Today's book, "Timed to coincide with the 100th anniversary of Lucy Maud Montgomery’s Anne of Green Gables, the release of this prequel is sure to cause quite a stir among Anne Shirley fans. A heroine beloved by generations of girls and women, Anne Shirley continues to have a devoted following today. Though purists will object, those who have often imagined Anne’s life before Green Gables will devour this back story. Everyone who ever read the original book remembers hints suggesting that Anne’s prior life was no bed of roses, and Canadian author Wilson paints an appropriately bleak portrait of the orphaned Anne’s early years. Still, she manages to remain true to the optimistic tone of the original book while relating the hardscrabble details of Anne’s first 12 years."
I find the cover of today's book incredibly creepy - and I'm not really sure why. I've always found it creepy when there's a picture of someone where you can't see their face, and the cape Anne is wearing really doesn't help. It makes her look like she has enormous shoulders, which makes her head look even smaller in comparison, and it gives off the impression that the two don't match up. I keep imagining that if she turned around we would see a monster wearing a red wig, like this:
Of course it's also entirely possible that I just have too vivid of an imagination. . . and too much time on my hands.
And now, on to talking about the actual book:
I thought today's book was mediocre. If it wasn't attached to the Anne of Green Gables series than I probably would have enjoyed it more, because it wasn't a completely terrible book. But I couldn't help but compare it to the other Anne books, and L.M. Montgomery's writing abilities are far superior to those of Budge Wilson. Wilson just wasn't able to really capture who Anne is. Of course that could have something to do with the fact that Wilson appears to not even have ever read the Anne of Green Gables books - in the acknowledgments section she thanks others for supplying her with information from the Anne books.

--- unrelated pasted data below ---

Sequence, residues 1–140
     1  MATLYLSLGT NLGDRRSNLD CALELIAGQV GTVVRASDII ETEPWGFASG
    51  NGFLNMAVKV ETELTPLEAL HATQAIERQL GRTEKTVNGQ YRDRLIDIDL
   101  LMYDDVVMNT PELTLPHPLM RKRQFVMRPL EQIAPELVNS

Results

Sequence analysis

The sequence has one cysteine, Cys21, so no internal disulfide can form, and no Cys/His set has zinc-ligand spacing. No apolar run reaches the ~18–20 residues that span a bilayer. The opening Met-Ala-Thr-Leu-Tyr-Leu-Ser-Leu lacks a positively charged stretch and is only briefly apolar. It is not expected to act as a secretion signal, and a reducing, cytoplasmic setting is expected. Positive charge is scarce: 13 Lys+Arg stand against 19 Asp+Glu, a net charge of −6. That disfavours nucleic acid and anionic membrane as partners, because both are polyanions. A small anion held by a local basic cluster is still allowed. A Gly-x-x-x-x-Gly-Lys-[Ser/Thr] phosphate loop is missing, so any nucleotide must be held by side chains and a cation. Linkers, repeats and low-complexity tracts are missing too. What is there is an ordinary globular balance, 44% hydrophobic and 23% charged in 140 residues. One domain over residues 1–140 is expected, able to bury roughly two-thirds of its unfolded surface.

The other problem was that today's book was infused with dialogue that sounded more like it belonged in the present day and not in the 1800's where this story is supposed to take place. There were too many references in this book to things that I don't believe would have been discussed over a hundred years ago. That's a problem that seems to occur frequently with period books - or TV shows: Little House on the Prairie, I'm talking about you. Don't get me wrong, I love all things related to Little House but by the end of the series they were trying to introduce tons of Women's Lib story lines and it started to feel a little too much like the 70s out there on the prairie. If you're going to write something that takes place in another time period then I think you owe it to your audience to write about the time period as it was and not the way that you wish it would have been.
Aside from being inappropriate to the time period, the dialogue was also quite cheesy in places, which isn't really a problem for me because I enjoy books and movies and TV shows that are cheesy (well I enjoy mocking them anyway). But if you don't like that sort of thing then this book might grate on your nerves at bit. I'll give you a quick example, there's a point in the book where Jessie is telling Bertha that she notices the way Bertha looks at her new husband, "Watching him, watching him, like he had wings." To which Bertha sits there thinking He does have wings. I mean seriously dear readers, how am I supposed to read that without gagging.
And now to end with a compliment, because I feel like I've done nothing but complain about the books I've read this week: The part about the book that I enjoyed is that it didn't attempt to rewrite Anne's back story. I realize that I'm probably setting the bar a little low on that one, but my expectations are not very high after watching the third Anne of Green Gables movie that was made a few years ago. Did you see that movie dear readers? If you're an Anne of Green Gables fan and you haven't watched the movie then save yourself the trouble because the movie will only serve to irritate you. They changed EVERY detail of the story, with the exception of Anne and Gilbert's names, and I'm kind of surprised that they didn't change that too. In the movie they changed the time period and set the movie during World War 1, burned down Green Gables, killed off Marilla, had Anne and Gilbert move to another country, then Gilbert went off to fight in the war and Anne became a war correspondent, and finally Anne and Gilbert decided to adopt a baby. I was tempted to write an angry letter to the network, but I had already written one angry letter to People magazine that month and I thought that two might be setting a unhealthy pattern.